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THE KEY TO BEATING LUNG CANCER IS EARLY DETECTION

PAULA’s Test is  blood test which can help you detect lung cancer at an early stage, while it can still be cured with surgery. The test uses a blood sample to analyze  protein biomarkers associated with the presence of  lung cancer. The test is NOT a genetic test. It does not test for predisposition for lung cancer, it tests for the possible presence of lung cancer at the time of testing.

Annual lung cancer screening of smokers and former smokers is now recommended by major medical organizations including the American Lung Association, the American Society of Clinical Oncology, the American College of Chest Physicians, and the American Cancer Society. In spite of this broad acceptance of the benefits of screening, compliance with the new guidelines is very low.

If lung cancer is detected early it can often be cured with surgery. When found late, 5 year survival rates are 5% or less. Genesys Biolabs offers a blood test to aid in the early detection of lung cancer. When used in high risk, asymptomatic patients, our Protein Assay Utilizing Lung cancer Analytes (PAULA’s Test) can help you measure a patient’s risk of having undiagnosed lung cancer.  Recommended for patients who are not undergoing yearly CT screening,  PAULA’s Test can help identify patients with an elevated risk of having lung cancer so those patients can be followed up with CT screening.

THE VALUE OF SCREENINGMore_deaths_pie

Lung cancer causes more deaths than breast, prostate and colorectal cancer combined. Approximately 90% of lung cancers are caused by smoking. Heavy smokers and former smokers have an up to 1 in 7 lifetime risk of developing lung cancer.

If diagnosed early enough to be surgically removed before it metastasizes the survival rate for lung cancer can approach 80%.   But fewer than 5% of patients with lung cancer are diagnosed at this early stage.  Most cases of lung cancer will be diagnosed only after presenting symptoms; when the cancer has advanced to the later stages and curative surgery is no longer an option.

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RECOMMENDED PATIENTS FOR PAULA’s TEST

At any time, approximately 2% of patients with a significant smoking history over the age of 50 are estimated to  have lung cancer  (undiagnosed).  Lung cancer also occurs frequently in  ex-smokers, especially those who quit smoking late in life.  The test is recommended for patients:

  • Ages 50 years of age or older, and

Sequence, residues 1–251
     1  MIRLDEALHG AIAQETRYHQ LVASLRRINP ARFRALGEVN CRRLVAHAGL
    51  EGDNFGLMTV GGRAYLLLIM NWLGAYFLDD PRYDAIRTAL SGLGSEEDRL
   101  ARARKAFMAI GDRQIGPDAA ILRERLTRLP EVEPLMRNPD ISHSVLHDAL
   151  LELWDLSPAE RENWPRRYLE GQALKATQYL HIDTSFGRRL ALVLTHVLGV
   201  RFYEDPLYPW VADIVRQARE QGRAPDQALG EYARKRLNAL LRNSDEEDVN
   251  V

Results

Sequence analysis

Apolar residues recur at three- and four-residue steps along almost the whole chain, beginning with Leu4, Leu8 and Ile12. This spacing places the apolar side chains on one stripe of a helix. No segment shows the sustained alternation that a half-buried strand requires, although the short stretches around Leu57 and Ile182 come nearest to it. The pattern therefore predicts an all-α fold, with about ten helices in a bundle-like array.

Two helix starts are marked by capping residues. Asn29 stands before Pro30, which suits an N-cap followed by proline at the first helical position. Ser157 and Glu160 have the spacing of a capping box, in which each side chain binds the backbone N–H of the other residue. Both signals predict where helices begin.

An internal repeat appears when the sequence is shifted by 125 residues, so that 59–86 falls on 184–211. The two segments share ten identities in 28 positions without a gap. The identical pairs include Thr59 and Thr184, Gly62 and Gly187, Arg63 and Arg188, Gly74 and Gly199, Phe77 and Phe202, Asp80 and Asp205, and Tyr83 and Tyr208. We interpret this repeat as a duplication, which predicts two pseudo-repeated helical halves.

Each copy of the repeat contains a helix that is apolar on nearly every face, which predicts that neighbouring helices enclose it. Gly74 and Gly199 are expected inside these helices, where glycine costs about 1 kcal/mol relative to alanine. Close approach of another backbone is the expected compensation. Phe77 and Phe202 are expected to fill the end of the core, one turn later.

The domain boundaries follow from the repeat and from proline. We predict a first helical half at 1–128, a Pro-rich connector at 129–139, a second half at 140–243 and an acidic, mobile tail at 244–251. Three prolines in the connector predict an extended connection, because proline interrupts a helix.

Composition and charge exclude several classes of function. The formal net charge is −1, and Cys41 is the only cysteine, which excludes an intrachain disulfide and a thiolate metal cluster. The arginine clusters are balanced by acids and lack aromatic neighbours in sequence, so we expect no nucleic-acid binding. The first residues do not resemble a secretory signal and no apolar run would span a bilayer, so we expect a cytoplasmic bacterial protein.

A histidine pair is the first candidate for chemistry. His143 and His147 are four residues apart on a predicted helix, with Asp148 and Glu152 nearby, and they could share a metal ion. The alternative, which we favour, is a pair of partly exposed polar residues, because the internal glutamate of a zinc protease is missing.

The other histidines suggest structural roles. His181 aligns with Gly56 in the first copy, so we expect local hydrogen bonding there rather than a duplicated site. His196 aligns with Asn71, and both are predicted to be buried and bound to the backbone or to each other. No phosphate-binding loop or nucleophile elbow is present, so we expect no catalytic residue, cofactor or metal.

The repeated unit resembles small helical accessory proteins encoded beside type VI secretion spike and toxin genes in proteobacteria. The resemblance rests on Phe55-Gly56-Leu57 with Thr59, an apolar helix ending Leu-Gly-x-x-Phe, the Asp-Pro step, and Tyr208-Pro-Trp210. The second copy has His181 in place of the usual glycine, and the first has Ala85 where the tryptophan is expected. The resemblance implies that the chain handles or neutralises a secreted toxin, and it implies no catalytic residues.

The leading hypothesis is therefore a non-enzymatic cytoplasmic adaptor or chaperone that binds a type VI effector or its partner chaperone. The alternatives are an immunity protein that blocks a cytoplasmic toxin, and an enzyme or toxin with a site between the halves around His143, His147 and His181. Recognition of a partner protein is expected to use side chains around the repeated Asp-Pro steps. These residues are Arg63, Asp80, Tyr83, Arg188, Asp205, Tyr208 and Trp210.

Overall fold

• A smoking history of 20+ pack/year smoking history, including ex-smokers who have quit within the past 15 years

The test is only recommended for patients who are currently asymptomatic and who are not receiving annual CT screening for lung cancer.

 

THE IMPORTANCE OF EARLY DETECTION

Prognosis

The National Lung Screening Trial (NLST), a seven year study funded  by the National Cancer Institute reported in 2010  that early detection of lung cancer using yearly spiral CT scans can save 20% more lives as compared to chest X-rays.  Unfortunately, the NLST study reported very high numbers of false positives from annual CT scans.  In particular, nearly one quarter of all persons screened with CT over 3 years had positive results, of which, 96.4% were false positives.

While CT radiography is an important tool for the detection of lung cancer, most physicians have yet to adopt CT’s for lung cancer screening.  Reasons include  high rates of false positives, concerns about yearly, repeat exposure to radiation in patients already having cellular mutations from heavy smoking and  lack of patient compliance and unnecessary worry.  The added burden of recommended yearly screenings leaves physicians waiting on the sidelines, looking for better options to find lung cancer cases in the early stages.

HOW CAN PAULA’s TEST HELP FIND LUNG CANCER EARLY

If you are not currently screening your high risk patients with annual CT’s, your odds of finding a patient with early stage lung cancer are very low.  By using PAULA’s Test, you can improve those odds and select those patients at the highest risk . Using PAULA’s test in conjunction with CT, physicians can improve the effectiveness of CT and make early detection of lung cancer a realistic proposition.